interplast medical volunteer

Tshering was badly burned on her neck, chest and hand when methylated spirits ignited. During a visit to Jigme Dorji Wangchuck National Referral Hospital in Thimpu, in Bhutan in October last year, Interplast volunteer surgeons released the burn contracture on her neck, to allow more movement of her head and neck.

Prior to the surgery, Tshering couldn’t straighten her neck and her head was permanently in a slightly bowed position.

After surgery, Interplast volunteer occupational therapist, Tanja Klotz, fitted a soft collar to protect Tshering’s new skin graft and to stabilise her head in a neutral position, something Tshering had been unable to do for almost a year since her accident.

Elastofix (a mix of Elastomer putty and Hypafix) was also used to manage Tshering’s scars and importantly, Tanja also taught local physiotherapist technician, Tshering Dorji, how to make his own version of the product.

Elastofix is a special type of contact media used in difficult to manage areas such as the head and neck and plays an essential role in scar management.

“After we left Bhutan, Tshering Dorji and I stayed in contact via email to discuss when best to discontinue using the soft collar and dressings,” Tanja said.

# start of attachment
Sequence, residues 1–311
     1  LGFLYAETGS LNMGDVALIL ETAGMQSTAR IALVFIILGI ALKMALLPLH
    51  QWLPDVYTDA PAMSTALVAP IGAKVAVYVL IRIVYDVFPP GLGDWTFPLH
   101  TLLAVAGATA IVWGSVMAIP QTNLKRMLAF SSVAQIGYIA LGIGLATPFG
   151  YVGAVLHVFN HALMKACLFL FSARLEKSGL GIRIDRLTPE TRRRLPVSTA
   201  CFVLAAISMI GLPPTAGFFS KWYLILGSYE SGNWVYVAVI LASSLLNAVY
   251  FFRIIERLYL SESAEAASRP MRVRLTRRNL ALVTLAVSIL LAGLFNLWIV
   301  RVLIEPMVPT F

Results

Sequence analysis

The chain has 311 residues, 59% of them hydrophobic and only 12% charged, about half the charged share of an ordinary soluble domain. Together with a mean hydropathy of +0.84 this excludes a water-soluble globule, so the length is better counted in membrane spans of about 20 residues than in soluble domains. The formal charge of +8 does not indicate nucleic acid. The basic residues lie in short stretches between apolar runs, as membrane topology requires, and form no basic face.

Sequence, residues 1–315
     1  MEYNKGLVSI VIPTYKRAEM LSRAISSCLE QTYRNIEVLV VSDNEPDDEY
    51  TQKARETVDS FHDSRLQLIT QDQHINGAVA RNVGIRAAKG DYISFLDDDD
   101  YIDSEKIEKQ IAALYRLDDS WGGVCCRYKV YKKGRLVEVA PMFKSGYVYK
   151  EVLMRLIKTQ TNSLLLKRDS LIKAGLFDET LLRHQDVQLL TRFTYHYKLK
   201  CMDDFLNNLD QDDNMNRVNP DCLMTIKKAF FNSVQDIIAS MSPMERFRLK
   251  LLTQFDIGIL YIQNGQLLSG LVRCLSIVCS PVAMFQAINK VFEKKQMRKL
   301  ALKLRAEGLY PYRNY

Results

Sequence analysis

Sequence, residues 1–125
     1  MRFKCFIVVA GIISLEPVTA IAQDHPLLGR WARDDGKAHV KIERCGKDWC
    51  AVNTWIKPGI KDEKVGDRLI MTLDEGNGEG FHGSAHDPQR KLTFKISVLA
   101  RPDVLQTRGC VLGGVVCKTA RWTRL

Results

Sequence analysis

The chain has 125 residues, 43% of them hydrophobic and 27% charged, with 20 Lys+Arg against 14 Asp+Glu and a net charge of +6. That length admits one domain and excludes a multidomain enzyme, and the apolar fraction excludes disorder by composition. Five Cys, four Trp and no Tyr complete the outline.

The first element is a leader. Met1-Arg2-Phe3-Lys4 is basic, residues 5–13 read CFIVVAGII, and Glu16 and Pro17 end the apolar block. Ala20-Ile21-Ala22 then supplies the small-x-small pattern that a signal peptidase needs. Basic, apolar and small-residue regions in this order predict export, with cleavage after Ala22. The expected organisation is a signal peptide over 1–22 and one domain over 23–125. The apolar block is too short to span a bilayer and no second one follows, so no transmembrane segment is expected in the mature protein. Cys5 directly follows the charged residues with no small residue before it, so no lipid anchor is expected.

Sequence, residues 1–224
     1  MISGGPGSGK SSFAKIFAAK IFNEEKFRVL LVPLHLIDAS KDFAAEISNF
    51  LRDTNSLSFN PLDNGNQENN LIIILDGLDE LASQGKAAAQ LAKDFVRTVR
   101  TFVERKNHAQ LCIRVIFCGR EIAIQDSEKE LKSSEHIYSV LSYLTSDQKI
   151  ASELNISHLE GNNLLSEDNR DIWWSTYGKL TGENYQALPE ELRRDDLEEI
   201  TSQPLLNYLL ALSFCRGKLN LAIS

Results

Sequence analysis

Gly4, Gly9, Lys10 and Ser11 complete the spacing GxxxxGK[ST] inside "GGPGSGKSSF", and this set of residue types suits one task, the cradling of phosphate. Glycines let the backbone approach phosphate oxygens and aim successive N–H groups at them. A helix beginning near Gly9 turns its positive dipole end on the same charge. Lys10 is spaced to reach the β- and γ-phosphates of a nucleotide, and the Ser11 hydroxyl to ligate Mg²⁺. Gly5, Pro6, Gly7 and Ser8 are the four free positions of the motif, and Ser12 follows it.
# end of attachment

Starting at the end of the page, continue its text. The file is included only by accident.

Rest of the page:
“I was delighted to hear from Tshering Dorji that he and his physiotherapy team had successfully replaced the Elastofix themselves and had passed on their learnings to the patient, so she could make her own Elastofix and self-manage her scars at home,” Tanja said.

As the most experienced physiotherapy technician at the hospital, Tshering Dorji was involved in establishing the hospital’s hand therapy clinic.

“He was very eager to extend his skills in burns management,” Tanja said.

“The local staff knew more than I expected, which was great. I could tailor our approach to more complex techniques.”

In addition to practical experience, Tanja also provided in-depth lectures about chemical burns, electrical burns, thermal burns and medical management.

This program was Tanja’s first volunteering experience with Interplast, and it has given her a new appreciation of the health system in Australia.

“The Bhutanese are very accepting and appreciative of what they have,” she said.

“I have loved learning about their culture through their eyes.”

This program is supported by the Australian Government through the Australian NGO Cooperation Program (ANCP).